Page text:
184Mmillion ‘Free’ Days of Work – But Excessive Hours Fail to Deliver Results

Data released today by the Chartered Management Institute suggests that managers in the IT sector are putting in too many hours, for too few returns. The figures, which come from a report looking at the ‘Quality of Working Life’, have been issued in support of the TUC’s ‘Work Your Proper Hours’ campaign.

The report indicates that efforts to reduce working hours in recent years have failed to have a positive impact in the IT sector. Some of the key findings of the study include:

• 83 per cent of managers in the IT sector regularly work over their contracted hours – a figure that has barely fallen since 2000 (91 per cent)

• The average manager works 1 hour 18 minutes over contract each day – equivalent to roughly 40 days per year, or 184 million days each year for the UK’s management population.

• Only 1 in 4 work excess hours by choice. Many in the sector (49 per cent) do so to meet deadlines or because of the volume of work they face.

• 51 per cent in the IT sector believe that the UK’s long hours culture affects their productivity and 42 per cent argue that working excessively hits morale.

• On a personal level, 66 per cent in the sector also say that working over contracted hours limits exercise time and over half (58 per cent) claim extra hours prevent them from developing skills.

Analysis of the data, published in association with Simplyhealth, shows that the average manager only takes 3.5 days absence each year. It means that for every day lost to illness, the average manager provides almost 11.5 days ‘free of charge’ to their employer.

Jo Causon, director, marketing and corporate affairs at the Chartered Management Institute, says: “Many organisations focus on the cost of absence to their organisations, yet are not addressing the root causes of absenteeism. Surely, in today’s results-driven environment, output is more important than input, so two questions need to be answered; why are employers ignoring the impact of long hours on the health and performance of their employees and what responsibility are employees taking for how they manage themselves?”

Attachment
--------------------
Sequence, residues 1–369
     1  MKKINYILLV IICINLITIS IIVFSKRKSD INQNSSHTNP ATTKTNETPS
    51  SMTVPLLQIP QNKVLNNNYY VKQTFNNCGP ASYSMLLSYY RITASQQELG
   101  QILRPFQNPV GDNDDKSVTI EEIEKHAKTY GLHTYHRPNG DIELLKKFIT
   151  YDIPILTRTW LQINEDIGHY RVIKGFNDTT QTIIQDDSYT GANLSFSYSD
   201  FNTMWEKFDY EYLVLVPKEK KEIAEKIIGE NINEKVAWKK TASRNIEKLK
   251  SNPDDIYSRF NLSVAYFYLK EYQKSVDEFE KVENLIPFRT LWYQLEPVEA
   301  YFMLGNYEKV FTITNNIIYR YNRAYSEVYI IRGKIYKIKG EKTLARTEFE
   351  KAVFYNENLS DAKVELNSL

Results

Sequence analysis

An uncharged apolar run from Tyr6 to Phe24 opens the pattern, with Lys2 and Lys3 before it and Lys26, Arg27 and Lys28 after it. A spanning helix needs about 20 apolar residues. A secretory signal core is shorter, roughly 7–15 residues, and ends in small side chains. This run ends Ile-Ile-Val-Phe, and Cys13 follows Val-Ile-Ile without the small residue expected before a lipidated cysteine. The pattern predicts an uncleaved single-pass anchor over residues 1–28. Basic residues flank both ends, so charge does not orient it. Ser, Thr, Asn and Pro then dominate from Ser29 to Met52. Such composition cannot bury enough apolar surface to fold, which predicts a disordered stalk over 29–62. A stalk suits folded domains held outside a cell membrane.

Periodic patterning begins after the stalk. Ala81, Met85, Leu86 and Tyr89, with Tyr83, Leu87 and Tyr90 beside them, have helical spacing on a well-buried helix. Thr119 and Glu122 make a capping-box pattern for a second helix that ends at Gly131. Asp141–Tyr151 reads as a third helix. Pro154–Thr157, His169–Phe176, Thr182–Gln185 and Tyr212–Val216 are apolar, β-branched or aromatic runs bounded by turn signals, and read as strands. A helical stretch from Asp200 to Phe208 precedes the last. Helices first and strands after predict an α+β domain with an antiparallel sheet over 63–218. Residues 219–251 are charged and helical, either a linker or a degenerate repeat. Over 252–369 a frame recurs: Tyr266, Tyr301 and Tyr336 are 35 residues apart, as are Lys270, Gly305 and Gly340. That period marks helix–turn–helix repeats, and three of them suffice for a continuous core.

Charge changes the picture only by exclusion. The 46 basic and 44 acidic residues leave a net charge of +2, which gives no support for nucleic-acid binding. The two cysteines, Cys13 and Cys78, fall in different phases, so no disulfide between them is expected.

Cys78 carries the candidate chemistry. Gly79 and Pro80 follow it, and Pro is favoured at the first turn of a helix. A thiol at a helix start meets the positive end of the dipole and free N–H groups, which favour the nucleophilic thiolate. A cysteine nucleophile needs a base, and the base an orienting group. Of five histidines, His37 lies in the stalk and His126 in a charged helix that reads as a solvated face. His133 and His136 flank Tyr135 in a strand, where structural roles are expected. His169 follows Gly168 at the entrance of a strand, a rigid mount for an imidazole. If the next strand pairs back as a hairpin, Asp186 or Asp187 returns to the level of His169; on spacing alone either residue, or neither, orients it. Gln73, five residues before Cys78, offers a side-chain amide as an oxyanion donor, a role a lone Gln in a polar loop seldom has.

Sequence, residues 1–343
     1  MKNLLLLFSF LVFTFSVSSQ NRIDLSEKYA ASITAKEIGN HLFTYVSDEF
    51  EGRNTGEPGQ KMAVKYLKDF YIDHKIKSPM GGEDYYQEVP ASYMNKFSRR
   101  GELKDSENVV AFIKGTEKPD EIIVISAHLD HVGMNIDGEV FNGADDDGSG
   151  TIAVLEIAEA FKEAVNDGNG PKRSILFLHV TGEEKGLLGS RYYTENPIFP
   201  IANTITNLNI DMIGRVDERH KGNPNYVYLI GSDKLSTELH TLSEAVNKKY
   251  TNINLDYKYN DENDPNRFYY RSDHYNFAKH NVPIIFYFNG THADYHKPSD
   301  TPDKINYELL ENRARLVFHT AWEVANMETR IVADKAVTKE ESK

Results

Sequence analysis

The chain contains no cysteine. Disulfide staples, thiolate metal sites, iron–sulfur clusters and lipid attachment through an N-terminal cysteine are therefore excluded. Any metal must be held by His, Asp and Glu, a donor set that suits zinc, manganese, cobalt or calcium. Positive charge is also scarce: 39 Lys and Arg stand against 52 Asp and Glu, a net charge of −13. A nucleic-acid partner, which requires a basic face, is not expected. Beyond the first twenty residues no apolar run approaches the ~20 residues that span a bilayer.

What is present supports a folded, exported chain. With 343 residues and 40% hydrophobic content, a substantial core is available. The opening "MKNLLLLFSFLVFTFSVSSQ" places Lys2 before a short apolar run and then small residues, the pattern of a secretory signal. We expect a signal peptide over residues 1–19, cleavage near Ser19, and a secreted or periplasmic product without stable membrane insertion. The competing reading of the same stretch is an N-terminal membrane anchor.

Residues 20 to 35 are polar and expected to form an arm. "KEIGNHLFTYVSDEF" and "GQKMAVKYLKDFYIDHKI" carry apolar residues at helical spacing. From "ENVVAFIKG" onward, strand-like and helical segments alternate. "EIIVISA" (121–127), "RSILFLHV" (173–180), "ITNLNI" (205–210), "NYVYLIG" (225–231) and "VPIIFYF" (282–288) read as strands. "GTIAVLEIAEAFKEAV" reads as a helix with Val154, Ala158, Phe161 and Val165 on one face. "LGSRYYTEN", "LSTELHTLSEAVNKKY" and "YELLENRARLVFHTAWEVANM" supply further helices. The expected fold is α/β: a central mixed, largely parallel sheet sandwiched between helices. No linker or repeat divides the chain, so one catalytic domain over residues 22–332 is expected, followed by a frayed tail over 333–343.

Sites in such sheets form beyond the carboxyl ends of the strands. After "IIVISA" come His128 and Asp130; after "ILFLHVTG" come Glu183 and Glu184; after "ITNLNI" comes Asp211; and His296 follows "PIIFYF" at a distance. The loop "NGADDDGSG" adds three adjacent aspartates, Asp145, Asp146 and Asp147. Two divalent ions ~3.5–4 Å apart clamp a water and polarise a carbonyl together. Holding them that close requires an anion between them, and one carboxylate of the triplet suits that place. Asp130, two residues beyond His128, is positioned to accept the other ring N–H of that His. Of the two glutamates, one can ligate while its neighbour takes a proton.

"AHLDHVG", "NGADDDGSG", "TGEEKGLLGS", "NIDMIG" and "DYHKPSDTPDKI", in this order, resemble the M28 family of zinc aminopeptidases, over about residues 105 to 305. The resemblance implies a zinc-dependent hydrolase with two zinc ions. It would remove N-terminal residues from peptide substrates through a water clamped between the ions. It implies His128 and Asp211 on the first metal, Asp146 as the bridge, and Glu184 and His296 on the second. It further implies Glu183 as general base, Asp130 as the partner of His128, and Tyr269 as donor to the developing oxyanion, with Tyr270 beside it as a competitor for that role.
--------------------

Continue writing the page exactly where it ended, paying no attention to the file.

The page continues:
The ‘Quality of Working Life’ report also indicates that Britain’s long-hours culture is not down to over-bearing bosses. Asked why they worked over contract, only 2 per cent claimed to be ‘pressurised to do it’ and just 3 per cent suggested it was ‘to get ahead’.

Looking at those in full-time employment, the report also shows that women are more able to control their workload. Only 16 per cent of women, compared to 35 per cent of men, work over 48 hours per week and just 3 per cent of female respondents admitted to working in excess of 60 hours each week, compared to 7 per cent of men.

Causon adds: “The perpetual cycle of taking out costs in recent years has meant that most organisations are driven to use their assets – particularly their people – more intensively. Yet it is clearly having a negative effect and will create longer-term problems for organisations unless the UK’s long hours culture is kept in check.”

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